Nigeria clash faces fixing probe
London: Nigeria`s World Cup warm-up friendly against Scotland in London is reported to be the subject of a match-fixing investigation by police.
The National Crime Agency, which investigates serious and organised crime, is reported by the Daily Telegraph to have asked FIFA, world football`s governing body, to issue an alert over attempts to fix the game at Fulham`s Craven Cottage.
The match is scheduled as a home fixture for Nigeria, who are finalising their preparations ahead of the World Cup in Brazil which starts on June 12.
"We are liaising with the relevant authorities and will prepare for the match as normal," a Scottish FA spokesman said on Tuesday.
A spokesman for the NCA refused to comment, saying: "The NCA will from time to time provide operational detail necessary for public reassurance purposes.
"It does not routinely confirm or deny the existence of specific operations or provide ongoing commentary on operational activity."
The fixture is set to go ahead, with Nigeria coach Stephen Keshi telling Sky Sports News: "We`re not part of this. We don`t know anything about this. We`re here to play."
Nigeria striker Peter Odemwingie, based in England with Premier League side Stoke, added: "This is the first time I`m hearing it. I`m with the players every minute, every day, we don`t hear of this."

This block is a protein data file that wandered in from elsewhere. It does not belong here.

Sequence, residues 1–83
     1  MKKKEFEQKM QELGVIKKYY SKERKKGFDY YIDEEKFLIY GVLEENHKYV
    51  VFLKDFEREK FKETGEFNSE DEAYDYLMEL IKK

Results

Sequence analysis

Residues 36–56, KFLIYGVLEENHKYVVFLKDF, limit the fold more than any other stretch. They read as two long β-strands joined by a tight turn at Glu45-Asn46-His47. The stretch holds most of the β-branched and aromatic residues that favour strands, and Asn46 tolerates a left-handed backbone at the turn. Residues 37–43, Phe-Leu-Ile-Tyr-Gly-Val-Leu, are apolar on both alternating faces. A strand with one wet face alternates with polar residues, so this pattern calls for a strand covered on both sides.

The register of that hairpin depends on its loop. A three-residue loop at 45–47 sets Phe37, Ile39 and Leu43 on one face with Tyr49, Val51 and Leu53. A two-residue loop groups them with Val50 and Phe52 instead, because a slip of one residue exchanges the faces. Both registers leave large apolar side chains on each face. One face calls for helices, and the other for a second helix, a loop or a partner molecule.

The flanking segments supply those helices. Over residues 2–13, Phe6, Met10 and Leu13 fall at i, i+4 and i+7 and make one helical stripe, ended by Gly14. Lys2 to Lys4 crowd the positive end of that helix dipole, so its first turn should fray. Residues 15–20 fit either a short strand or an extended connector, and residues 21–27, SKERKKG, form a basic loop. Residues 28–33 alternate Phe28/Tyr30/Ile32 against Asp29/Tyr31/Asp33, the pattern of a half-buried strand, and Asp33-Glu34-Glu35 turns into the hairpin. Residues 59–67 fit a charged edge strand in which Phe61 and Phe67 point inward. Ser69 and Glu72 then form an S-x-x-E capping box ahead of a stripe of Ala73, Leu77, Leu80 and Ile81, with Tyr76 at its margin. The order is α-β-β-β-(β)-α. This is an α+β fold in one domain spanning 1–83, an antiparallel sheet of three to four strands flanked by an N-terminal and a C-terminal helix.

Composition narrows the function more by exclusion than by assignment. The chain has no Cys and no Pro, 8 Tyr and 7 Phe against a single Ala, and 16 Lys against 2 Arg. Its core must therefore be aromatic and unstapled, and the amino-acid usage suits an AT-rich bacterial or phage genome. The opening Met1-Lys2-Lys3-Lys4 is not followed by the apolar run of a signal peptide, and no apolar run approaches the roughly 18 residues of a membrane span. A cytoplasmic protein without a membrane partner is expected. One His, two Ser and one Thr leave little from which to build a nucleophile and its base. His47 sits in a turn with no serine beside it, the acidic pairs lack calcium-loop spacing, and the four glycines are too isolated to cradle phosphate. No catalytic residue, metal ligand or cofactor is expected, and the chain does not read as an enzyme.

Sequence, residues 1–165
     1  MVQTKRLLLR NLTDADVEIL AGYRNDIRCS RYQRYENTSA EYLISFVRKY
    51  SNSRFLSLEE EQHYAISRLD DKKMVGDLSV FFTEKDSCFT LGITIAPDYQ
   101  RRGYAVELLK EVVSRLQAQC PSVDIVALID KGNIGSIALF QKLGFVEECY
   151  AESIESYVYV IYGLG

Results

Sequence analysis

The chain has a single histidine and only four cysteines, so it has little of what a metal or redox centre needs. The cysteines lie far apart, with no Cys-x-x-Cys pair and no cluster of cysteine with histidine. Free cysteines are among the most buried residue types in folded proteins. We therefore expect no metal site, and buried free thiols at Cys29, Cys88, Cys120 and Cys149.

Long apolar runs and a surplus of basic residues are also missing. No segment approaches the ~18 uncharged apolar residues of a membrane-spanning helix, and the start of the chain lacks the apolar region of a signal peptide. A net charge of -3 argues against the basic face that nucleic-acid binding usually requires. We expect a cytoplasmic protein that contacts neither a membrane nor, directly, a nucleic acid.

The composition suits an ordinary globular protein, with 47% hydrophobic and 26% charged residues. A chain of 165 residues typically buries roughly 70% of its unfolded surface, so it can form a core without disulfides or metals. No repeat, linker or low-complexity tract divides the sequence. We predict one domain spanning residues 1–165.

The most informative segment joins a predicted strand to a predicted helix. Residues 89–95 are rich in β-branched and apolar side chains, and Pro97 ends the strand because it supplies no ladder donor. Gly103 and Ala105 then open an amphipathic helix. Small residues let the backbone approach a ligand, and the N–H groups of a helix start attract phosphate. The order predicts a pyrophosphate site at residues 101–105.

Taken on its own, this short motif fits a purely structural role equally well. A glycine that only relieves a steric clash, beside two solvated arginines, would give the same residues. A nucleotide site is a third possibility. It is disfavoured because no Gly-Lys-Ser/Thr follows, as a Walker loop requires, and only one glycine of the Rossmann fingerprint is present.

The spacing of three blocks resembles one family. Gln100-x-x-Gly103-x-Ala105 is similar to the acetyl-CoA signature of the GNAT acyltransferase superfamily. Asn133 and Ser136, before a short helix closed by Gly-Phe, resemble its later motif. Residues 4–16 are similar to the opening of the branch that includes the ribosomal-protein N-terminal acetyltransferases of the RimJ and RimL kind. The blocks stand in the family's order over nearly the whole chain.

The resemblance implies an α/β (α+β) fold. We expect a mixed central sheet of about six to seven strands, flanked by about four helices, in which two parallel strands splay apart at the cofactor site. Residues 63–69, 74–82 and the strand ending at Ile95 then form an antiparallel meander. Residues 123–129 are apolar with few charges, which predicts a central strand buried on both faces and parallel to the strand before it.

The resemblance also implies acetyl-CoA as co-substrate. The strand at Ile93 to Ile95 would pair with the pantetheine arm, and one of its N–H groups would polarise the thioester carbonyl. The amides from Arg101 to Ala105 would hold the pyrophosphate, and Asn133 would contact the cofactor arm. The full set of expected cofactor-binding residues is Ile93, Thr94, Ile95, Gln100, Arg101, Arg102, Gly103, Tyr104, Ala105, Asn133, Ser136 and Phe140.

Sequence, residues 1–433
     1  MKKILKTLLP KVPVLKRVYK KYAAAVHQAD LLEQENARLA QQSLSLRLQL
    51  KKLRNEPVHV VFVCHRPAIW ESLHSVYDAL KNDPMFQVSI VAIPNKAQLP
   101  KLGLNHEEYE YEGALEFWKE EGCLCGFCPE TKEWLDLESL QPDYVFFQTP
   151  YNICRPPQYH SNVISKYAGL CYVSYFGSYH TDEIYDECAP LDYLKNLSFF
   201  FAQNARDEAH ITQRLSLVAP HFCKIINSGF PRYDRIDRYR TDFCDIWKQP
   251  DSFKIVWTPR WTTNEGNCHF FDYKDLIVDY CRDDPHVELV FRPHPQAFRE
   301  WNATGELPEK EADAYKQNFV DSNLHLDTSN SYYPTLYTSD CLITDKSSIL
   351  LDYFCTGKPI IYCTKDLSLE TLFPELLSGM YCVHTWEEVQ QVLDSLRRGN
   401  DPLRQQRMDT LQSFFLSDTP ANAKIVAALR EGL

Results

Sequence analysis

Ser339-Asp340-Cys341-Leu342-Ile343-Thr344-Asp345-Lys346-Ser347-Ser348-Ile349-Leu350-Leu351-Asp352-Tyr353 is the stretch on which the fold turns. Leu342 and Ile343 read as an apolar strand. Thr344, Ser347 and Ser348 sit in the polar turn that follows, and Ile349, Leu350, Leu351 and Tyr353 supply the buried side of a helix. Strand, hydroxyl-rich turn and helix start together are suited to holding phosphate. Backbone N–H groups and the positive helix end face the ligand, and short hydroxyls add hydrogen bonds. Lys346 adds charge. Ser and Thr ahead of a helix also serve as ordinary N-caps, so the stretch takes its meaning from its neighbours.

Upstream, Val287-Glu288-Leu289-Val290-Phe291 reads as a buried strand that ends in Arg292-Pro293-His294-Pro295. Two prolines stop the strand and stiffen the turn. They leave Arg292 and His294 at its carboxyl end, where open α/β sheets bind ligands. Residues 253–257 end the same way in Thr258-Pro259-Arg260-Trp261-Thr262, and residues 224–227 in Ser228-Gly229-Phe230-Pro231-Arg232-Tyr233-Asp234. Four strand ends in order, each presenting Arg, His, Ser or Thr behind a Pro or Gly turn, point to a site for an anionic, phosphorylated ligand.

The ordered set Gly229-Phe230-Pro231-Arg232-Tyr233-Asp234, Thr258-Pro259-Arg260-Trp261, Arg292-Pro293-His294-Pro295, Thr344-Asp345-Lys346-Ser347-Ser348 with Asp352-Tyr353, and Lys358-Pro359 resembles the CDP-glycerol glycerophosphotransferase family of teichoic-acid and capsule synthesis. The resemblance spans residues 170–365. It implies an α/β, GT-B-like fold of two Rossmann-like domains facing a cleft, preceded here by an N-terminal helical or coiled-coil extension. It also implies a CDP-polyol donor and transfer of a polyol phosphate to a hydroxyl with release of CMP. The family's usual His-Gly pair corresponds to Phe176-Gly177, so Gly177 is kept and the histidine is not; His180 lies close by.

"It may in part be catering for a type of need which, for
increasing numbers of people, is not met elsewhere in the increasingly secular and scientific societies of our age," Dunning writes in his book "Sport Matters".
Despite high emotions, deep hostility to rival teams and the often crushing disappointment that comes with defeat, football matches, overall, are unifying social events, the experts said.
Apart, that is, from outbursts of fan violence which they argue are rare given the huge numbers who watch games around the world every day.
In fact, sports like football developed at pace with civilisation and "came to embody the elimination of some forms of physical violence and the general demand that participants should exercise stricter self-control in regard to physical contact," Dunning said.
Added Ranc, hooliganism is more a function of social inequality than a product of sports rivalry.
"When you study violence in football, it has to do with people who are losing ground socially... People who are marginalised, ostracised, described as an underclass. It has a lot to do with the social climate."
Football allows people from different social and economic spheres to meet and bond around a common passion, experts said.
And one of the things that binds them is the sport`s perceived ability to create heroes like Pele, Portugal star Ronaldo and Argentina`s Messi, from nothing.
"The stories told in sports are not pure fantasies; individuals who were previously powerless really are elevated, they really do win fame and fortune by their own strength and are thereby allowed to play a role in society that is otherwise closed off to them," said Gebauer.
- World`s most popular sport -
These factors all contribute to the sport`s popularity.
But there is also the speed and skill on display, the excitement it generates, the fact that football is easy to play almost anywhere, does not require specialised equipment, and has relatively simple rules.
"Of course, other sports possess some of the characteristics listed here, but arguably only soccer has them all," according to Dunning.
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